Chief Program Office, Rainforest Alliance
In response to the devastating escalation of fires in the Amazon, one of the most frequently-asked questions is: “How can we feed a growing human population, while protecting precious natural habitats such as rainforests?”
This question is especially timely on World Food Day, given that cattle ranching and soy cultivation are the main drivers of the current crisis in the Amazon.
The problem is that much of the cleared land, especially more recently in the tropics, is not being used productively. Here lies the opportunity to save our remaining forests and produce enough food for the world’s growing population. There is even the potential to expand forest cover, in many of these countries, through smart landscape restoration efforts.
Harnessing the power of digital technology to highlight land misuse
Brazilian scientists have shown that enormous areas of existing pastureland in the country produce very little beef. Brazilian agronomists have shown that better pasture management could greatly increase productivity and thereby eliminate the need to clear more forest.
The area under palm-oil production in Indonesia could be multiplied by three times or more, without clearing any more forest, simply by making better use of already cleared and poorly-used lands.
This is critically important in the long term, because maintaining the health of natural systems is vital for global food production.
The rainforest that makes up the Amazon, spreading across an area equivalent to the continental United States, is also a massive rain machine that pumps water from the soil into the sky. The Congo Basin and Borneo rainforests serve the same function, not to mention the vast boreal forests across Russia and Canada. If we do not change course rapidly, deforestation and fires will disrupt this rainfall—and the agriculture that it supports regionally and as far afield as other continents.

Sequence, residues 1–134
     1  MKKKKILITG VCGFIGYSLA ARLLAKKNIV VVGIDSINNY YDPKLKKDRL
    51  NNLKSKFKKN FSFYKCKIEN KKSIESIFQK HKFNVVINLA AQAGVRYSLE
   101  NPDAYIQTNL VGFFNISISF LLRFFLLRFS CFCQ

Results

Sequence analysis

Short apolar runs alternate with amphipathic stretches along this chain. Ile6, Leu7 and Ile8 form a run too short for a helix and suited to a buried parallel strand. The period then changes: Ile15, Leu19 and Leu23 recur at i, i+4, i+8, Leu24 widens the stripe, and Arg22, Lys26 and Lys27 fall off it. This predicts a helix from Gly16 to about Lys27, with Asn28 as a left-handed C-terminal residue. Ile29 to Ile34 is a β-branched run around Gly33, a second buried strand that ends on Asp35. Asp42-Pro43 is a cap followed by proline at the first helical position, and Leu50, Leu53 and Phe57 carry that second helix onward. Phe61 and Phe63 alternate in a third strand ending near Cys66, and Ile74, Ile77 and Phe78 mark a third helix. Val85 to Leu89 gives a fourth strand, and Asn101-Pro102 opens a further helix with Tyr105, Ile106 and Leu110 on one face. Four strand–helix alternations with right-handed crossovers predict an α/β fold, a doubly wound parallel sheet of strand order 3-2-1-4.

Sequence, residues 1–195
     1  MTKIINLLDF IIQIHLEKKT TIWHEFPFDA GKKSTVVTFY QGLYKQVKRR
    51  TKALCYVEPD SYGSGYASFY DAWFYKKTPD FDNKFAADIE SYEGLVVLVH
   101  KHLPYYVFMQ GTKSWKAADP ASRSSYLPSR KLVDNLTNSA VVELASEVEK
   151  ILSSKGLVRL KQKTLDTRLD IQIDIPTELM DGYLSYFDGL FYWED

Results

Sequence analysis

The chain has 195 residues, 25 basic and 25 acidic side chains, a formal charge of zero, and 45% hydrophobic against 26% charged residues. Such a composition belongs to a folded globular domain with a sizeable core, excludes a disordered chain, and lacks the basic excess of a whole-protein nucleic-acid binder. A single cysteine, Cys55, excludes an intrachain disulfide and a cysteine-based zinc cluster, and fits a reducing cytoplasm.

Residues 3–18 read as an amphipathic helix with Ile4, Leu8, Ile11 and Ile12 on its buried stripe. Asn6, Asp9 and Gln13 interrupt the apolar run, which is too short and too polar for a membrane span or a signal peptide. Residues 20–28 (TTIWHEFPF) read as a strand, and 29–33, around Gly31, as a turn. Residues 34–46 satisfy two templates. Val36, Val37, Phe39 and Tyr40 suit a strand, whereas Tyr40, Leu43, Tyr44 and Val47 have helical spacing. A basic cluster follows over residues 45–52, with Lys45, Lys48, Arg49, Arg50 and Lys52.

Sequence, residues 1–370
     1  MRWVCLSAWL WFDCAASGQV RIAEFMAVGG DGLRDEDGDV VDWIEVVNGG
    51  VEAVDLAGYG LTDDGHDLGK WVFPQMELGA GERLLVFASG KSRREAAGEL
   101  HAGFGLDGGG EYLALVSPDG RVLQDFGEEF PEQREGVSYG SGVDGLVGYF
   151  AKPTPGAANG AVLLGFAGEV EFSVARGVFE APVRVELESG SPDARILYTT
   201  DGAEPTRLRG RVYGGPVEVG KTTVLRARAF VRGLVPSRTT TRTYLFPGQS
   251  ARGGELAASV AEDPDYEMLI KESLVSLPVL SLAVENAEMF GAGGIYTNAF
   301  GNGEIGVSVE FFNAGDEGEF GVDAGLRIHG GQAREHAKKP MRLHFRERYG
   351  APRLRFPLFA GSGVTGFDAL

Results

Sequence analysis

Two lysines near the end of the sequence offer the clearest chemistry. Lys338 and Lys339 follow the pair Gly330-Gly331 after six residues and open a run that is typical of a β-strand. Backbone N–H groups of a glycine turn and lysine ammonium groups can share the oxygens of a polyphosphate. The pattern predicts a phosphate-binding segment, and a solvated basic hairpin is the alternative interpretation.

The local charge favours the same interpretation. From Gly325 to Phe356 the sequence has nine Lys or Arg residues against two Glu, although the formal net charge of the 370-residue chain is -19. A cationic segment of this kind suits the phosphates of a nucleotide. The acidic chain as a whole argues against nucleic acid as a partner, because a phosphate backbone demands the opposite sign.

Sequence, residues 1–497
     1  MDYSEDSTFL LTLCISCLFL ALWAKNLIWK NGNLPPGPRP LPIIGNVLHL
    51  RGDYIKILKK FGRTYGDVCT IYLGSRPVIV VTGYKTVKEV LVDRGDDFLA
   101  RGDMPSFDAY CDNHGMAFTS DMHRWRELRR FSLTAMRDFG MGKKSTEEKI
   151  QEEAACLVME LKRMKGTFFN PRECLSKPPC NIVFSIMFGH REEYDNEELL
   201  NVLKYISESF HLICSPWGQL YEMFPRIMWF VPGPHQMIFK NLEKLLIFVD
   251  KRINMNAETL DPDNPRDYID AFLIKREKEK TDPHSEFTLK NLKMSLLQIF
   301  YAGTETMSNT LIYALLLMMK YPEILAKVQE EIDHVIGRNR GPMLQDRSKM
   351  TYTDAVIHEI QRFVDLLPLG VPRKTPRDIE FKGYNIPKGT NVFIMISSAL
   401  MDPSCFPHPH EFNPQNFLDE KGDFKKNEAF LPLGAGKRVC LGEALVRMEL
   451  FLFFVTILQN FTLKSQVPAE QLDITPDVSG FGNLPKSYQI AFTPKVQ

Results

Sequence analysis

Natural Climate Solutions must become central to responsible business practice
Governments and business leaders must let go of the false dichotomy between environmental protection and feeding the world. Without strong land-use policies and the wise stewardship of forests and other ecosystems, our agricultural enterprises will suffer.
Scientists and agronomists have established concrete pathways that could quickly get us to a more balanced world. This transition depends on the willingness of policy-makers to undertake bold action; evidence-based planning and zoning for land use that benefits the many, rather than an elite few; and effective, well-resourced law enforcement to stop the illegal expansion of farming into forest areas.
Financing the shift to more sustainable farming and agriculture
Providing financial incentives to communities who live in and around forests—to compensate them for protecting important ecosystems upon which we all depend—is a powerful, proven solution. Additionally, it is important to reward farmers with higher prices (as well as other incentives) when they invest time and labour to study and adopt more sustainable farming methods.
Who is going to pay for this necessary, urgent, and large-scale global investment? The lowest-hanging fruit are hundreds of billions of dollars in existing agricultural subsidies that could be redirected to support the actions described above.
Redirecting even a fraction of this amount to support sustainable farming and forest protection would be enough to make a huge difference.
Looking to the future requires a collaborate effort
Building a viable and stable global food future begins now, by assigning greater value to the work of farmers and to the natural ecosystems that we all depend upon. Scientists have long recognised that the planet’s natural systems are interdependent. When policy-makers do the same, we will take an important step toward restoring the balance between farming and forests.